Jumping the broom is also used in Handfasting ceremonies and pagan weddings. Because the broom is significant in Wicca to sweep away negative energy, modern paganism uses the ritual in many handfasting and commitment ceremonies. Some say it indicates the couple's acceptance of the daily chores of living together, or it is an alternative to being carried over the threshold. It can also be viewed as a symbol of home and hearth, and jumping into a new life together. The broom is often decorated with flowers and ribbons, and laid in front of the couple, who leaps over it and then are declared married.
Others believe it derives from the tradtion of leaping over the sword, which is an ancient tradition symbolising marriage, and often used in military weddings well into the 19th Century. A sword would be placed on the ground, and the Sargeant or Corporal would say "Leap rogue, and jump wh_re, be ye married evermore," and the happy couple would jump across the sword and be considered married.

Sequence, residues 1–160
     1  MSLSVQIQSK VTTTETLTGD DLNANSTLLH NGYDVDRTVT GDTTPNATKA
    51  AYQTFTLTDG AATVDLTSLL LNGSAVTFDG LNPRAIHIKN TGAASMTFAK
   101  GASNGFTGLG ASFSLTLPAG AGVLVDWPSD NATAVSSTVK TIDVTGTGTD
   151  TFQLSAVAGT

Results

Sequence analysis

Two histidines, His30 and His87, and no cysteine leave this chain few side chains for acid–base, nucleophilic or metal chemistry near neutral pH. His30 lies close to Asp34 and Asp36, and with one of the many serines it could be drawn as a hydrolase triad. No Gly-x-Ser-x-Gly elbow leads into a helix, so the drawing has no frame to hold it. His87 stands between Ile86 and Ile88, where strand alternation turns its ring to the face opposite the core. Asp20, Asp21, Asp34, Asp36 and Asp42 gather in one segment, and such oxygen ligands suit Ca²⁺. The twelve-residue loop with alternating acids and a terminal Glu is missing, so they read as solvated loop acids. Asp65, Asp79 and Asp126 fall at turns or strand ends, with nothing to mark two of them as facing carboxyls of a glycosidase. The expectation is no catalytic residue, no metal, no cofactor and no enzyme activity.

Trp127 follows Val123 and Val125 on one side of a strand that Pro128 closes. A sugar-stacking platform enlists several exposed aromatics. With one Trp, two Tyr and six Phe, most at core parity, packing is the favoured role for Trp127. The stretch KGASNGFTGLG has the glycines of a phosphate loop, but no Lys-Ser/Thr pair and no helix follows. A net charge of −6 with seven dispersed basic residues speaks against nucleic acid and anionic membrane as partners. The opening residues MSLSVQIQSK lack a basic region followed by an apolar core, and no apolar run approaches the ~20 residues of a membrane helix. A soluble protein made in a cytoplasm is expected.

Unity Bouquet
his is a lovely ceremony for family members and friends to participate in the wedding and creates a wonderful gift for the couple. Each member of the congregation gives the happy couple a flower to be combined into a Unity Bouquet, which is symbolic of their day or represents a wish for their lives together.
Flowers can be passed out before the procession for each person to take one, think of a blessing for the marriage, and place it in the vase at the front of the room. The unity bouquet represents the loving contributions of friends and family members to bless the couple's marriage, as they have their life.
Did You Know: Every flower has a traditional meaning, such as ivy for wedded love and fidelity, amaryllis for beauty inside and out, or tiger lilies for happiness and prosperity. 
Wishing Stones